One of the things that fascinates me the most about being hardwired for STORY, is the stories we tell ourselves. How much of those stories are true, and how much are lies? And are we even aware when we lie to ourselves? I know I am sometimes, but what about the rest of the time?
We all tell stories to ourselves that aren’t true. This is partly because nobody can ever be completely objective. We see the world through the filter of our past, our experiences, our upbringing, our expectations. This means the stories we tell are biased. However, that isn’t necessarily a bad thing–as long as you realize it. This is where it becomes important to listen to the stories and opinions of others, even those that are opposite of ours–especially those that our opposite. What scares me about today is how many people get their “news” from Facebook or Twitter. The ability to filter the world is both a blessing and a curse. What if we only follow those who are like us? Those who have the same beliefs and the same ideals. Those who say only things we like to hear. How will we ever know if we are lying to ourselves if we never check our stories against what others say and believe?
Sometimes it is good to lie to yourself. How can this be, you ask? Well, let me tell you about student teaching. The only way I survived was to keep telling myself I was confident, it was no big deal. I needed that “story” to act confident. It’s the whole, “fake it til you make it” thing. (Which, now that I think of it, was how I survived high school too.) Still, I was aware that it was a story I was telling myself. Head games.
Use this in your writing. In my first novel, Black Dragon, the protagonist tells herself a story
to stay alive. She tells herself that she is a dragon fighter because dragon fighters fight, they don’t just give up and die. Think about the stories your characters tell in their heads. How can you use these to help your character survive and grow?
Sometimes it’s not good to lie to yourself. I’ve listened to people tell themselves stories about being incompetent, uncreative, or stupid. The saddest part is when they really believed those stories. Here’s the thing about stories–they have power. Even if you say those kind of things without really meaning them, eventually, if you tell yourself that story long enough, you start to believe it. It becomes true–to you.
Use this in your writing. The negative self-talk can tell us a lot about a character. But the opposite is true too. What if you have a character who thinks German are superior and Jews are inferior? Or what if you have a character who’s inner story is that he is a genius and all other people are idiots? What kind of things would that character be willing to do? Take a look at the Columbine shootings if you want the answer to that question.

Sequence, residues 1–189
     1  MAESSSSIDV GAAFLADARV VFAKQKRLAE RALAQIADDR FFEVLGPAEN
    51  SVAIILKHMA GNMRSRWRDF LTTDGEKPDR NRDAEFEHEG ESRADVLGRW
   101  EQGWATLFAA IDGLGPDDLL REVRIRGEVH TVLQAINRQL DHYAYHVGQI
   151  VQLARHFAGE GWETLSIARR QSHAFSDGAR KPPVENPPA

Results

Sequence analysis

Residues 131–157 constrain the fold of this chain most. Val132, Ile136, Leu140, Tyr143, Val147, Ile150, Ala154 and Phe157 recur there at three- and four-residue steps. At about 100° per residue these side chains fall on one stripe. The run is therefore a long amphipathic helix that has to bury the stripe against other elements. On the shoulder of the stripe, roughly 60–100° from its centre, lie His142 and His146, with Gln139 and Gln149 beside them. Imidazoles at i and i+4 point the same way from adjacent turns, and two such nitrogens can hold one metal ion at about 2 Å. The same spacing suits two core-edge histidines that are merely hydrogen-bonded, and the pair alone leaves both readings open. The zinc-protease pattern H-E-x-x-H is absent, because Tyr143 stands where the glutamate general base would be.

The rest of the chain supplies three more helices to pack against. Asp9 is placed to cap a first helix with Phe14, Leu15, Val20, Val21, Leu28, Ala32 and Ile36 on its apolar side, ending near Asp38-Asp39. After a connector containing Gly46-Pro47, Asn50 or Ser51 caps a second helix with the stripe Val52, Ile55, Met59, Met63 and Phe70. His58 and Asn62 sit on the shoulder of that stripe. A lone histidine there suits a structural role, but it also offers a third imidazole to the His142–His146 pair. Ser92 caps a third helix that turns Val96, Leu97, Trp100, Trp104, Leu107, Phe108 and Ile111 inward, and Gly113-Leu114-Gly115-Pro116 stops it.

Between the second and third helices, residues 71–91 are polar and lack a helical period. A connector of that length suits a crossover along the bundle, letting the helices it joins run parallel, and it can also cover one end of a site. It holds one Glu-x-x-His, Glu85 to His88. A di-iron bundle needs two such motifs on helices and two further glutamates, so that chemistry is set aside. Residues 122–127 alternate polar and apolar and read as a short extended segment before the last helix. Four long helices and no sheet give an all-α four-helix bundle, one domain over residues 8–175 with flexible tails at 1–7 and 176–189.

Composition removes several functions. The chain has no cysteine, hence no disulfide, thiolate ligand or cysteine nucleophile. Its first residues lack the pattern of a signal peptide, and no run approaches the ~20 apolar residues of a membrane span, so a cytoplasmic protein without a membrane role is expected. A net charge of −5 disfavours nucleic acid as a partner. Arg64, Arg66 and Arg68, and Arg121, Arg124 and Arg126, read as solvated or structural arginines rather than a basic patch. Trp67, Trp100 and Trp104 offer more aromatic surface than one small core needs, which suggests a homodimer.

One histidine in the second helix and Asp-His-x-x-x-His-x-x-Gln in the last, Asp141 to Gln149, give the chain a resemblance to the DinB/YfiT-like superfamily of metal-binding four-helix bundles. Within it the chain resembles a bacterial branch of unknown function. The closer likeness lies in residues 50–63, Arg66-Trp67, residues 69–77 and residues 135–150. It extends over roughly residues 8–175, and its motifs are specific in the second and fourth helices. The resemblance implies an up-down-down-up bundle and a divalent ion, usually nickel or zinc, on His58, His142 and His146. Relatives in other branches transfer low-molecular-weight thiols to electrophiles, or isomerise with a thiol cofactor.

I’d read and heard a lot about the shootings at Columbine–of course, working in a school made me extra sensitive to all of it. But I couldn’t wrap my head around how these two boys could walk around that school shooting people and whooping it up like they were having fun. What kind of things were they telling themselves that made it “okay” for them to do such horrible things to people they knew? Finally one of my friends recommended the book Columbine by Dave Cullen. The book is non-fiction, but reads like a novel. I couldn’t put it down. Sifting through thousands of reports, police records, journal entires and more, the author paints a very chilling picture of Eric Harris as a psychopath who believed he was superior to all. Eric Harris’s warped inner story is what allowed him to shoot classmates in cold blood.
At the time I was reading Columbine, I was struggling with one of the characters in my YA manuscript, I Feel For You, and I started to think the solution involved that character’s inner story. So what do I do when I’m stuck in my writing? More research, of course. (not that I’m advising this) I read the book, The Stranger Beside Me, by Ann Rule (An excellent book about serial killer Ted Bundy) and Without Conscience: The Disturbing World of the Psychopaths Among Us by Robert D. Hare, PHD. One of the things that struck me most was the sentence, “Psychopaths frequently see themselves as the real victim.” How someone’s inner story could be so far from the truth was astonishing to me. Ted Bundy worked on a Crisis Hotline helping people through some terrible dark moments. Yet he was a brutal killer. The disconnect still boggles my mind.
One of the reasons I write is to understand myself, others, the world around me. And those things that boggle my mind keep me writing. Hope it works the same way for you.